Another advantageous means of applying the electrode layer to the dividing layer includes electrostatic precipitation of the electrode layer on to the dividing layer. Electrostatic precipitation of the electrode layer is advantageous in that adhesives or binders are not necessary. This increases the long-term stability of the capacitor without subjecting it to the aging that occurs with an adhesive or the decrease in adhesive strength resulting from such aging.
 In another advantageous embodiment of the invention, contacting the electrode layer can be accomplished by providing a coating with an electrically conductive contact layer on the side facing away from the dividing layer. Such an electrically conductive contact layer can, for example, consist of a noble metal, such as silver or gold, or aluminum. In general, all electrically conductive materials are suitable that are resistant to the ion-containing solvents used in electrochemical double layer capacitors and to the potentials present at the electrodes, or become resistant through the formation of a protection layer. The advantage of the contact layer is that it provides for improved contacting of the electrode layer. The thickness of the contact layer is, advantageously, between 1 and 20 μm, for example.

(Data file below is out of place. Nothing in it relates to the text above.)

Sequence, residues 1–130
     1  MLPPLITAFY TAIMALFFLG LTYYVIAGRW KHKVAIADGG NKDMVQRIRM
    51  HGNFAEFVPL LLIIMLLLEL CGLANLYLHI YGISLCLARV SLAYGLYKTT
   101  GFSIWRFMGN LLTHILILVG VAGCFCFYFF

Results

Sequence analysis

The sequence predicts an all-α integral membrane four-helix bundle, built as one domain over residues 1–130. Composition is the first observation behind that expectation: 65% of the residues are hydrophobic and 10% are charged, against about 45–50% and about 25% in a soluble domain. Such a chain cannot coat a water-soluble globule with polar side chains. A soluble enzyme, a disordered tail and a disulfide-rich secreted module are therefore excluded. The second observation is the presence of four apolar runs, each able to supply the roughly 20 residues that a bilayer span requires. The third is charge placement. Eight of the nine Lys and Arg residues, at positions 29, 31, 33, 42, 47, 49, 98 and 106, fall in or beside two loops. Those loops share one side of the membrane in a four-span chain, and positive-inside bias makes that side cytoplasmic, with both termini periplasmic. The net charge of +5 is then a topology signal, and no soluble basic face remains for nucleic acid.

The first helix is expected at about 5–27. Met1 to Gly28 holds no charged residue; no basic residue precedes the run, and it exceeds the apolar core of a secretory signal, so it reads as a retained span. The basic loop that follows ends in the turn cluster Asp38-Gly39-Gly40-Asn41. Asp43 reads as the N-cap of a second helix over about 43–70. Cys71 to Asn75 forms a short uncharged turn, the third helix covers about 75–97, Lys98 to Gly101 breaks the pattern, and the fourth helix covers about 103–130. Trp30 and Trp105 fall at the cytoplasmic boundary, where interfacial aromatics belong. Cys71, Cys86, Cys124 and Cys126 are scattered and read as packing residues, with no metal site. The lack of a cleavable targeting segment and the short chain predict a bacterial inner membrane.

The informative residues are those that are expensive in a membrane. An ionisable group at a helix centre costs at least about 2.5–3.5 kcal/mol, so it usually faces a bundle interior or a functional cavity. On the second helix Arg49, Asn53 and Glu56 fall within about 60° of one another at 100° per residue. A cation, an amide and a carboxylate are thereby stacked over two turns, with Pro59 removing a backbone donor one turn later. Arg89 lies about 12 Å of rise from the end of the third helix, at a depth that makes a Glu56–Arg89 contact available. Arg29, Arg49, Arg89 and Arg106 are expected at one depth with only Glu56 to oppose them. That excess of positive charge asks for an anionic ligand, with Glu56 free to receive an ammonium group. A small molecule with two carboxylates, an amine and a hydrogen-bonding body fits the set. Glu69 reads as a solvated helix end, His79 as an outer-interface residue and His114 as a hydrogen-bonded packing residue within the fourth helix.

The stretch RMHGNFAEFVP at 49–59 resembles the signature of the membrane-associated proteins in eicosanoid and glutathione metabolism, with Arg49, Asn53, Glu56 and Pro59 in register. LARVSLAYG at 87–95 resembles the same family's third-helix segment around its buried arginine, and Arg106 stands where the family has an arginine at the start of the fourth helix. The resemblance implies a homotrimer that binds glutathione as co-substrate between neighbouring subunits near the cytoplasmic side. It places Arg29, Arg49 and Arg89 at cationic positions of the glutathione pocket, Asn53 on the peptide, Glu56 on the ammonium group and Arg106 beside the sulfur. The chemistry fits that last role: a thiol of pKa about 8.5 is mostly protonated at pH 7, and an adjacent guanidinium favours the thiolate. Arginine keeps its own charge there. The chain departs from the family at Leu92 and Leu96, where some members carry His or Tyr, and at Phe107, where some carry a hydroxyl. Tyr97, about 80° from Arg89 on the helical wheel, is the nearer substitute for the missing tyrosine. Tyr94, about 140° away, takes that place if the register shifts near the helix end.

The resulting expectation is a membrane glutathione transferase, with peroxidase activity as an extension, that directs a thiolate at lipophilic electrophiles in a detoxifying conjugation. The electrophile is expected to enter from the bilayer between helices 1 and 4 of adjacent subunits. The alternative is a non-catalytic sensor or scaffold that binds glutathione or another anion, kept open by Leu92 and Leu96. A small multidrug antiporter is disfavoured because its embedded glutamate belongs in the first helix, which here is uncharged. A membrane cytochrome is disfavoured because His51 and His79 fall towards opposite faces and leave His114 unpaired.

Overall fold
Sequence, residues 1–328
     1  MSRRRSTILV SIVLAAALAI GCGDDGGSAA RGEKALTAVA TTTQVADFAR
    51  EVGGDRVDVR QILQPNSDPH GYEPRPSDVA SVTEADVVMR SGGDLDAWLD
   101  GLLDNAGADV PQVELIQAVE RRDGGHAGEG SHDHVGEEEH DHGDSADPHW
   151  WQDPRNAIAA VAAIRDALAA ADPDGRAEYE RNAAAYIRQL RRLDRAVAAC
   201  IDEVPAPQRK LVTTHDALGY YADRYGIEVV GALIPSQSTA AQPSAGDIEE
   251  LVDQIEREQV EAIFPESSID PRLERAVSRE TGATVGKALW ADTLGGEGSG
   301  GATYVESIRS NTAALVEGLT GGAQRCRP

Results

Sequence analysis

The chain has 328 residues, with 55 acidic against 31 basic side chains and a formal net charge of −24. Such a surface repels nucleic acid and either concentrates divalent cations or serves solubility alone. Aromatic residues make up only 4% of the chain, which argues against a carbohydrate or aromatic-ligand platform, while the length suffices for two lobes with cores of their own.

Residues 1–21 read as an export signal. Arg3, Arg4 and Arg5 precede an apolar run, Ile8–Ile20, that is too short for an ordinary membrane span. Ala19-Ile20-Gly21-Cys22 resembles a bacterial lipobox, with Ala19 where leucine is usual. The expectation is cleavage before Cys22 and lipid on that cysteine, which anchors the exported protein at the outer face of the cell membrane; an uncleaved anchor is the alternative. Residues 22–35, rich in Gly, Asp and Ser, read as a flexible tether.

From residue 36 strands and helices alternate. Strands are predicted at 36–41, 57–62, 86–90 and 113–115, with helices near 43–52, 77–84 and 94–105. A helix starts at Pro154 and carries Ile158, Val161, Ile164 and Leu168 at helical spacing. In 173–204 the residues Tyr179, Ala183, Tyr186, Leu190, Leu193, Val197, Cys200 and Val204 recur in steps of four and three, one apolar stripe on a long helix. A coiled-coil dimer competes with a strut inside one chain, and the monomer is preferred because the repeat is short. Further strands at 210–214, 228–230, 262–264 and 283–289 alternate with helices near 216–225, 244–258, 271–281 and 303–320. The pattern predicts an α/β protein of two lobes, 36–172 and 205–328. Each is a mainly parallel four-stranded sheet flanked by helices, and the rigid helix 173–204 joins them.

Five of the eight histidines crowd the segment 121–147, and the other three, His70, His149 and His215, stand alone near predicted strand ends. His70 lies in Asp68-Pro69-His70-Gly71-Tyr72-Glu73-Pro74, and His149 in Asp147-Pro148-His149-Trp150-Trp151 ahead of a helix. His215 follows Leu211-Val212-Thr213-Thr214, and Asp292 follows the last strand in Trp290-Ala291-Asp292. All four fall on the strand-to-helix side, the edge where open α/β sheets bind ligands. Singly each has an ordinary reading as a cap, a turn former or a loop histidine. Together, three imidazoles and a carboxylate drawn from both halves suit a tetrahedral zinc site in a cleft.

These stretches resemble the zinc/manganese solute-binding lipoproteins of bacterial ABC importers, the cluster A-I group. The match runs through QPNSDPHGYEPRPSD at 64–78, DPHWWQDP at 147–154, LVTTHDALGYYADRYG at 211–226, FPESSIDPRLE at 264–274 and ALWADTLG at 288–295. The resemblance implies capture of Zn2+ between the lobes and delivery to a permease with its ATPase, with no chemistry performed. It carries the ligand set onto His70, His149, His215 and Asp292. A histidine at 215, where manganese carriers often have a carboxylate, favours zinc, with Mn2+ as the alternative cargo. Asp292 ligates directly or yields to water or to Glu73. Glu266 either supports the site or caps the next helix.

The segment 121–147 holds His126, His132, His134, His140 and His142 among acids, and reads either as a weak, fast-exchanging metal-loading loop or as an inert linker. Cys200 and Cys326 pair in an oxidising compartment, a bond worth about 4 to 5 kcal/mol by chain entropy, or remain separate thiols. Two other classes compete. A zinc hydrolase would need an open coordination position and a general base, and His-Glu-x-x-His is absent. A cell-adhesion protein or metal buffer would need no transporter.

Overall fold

In another advantageous embodiment of the invention, the contact layer can be produced by means of vacuum metallization or spray application. Spray application of the contact layer can, in particular, be accomplished using the method known to the person skilled in the art under the name “schooping”. The application of the contact layer by means of vacuum metallization is particularly advantageous in connection with an electrostatically applied electrode layer, because this results in adequate adhesion of the electrode layer to the dividing layer and eliminates the need for additional adhesives. Furthermore, the contact layer can also promote the cohesion of the components of the electrode layer.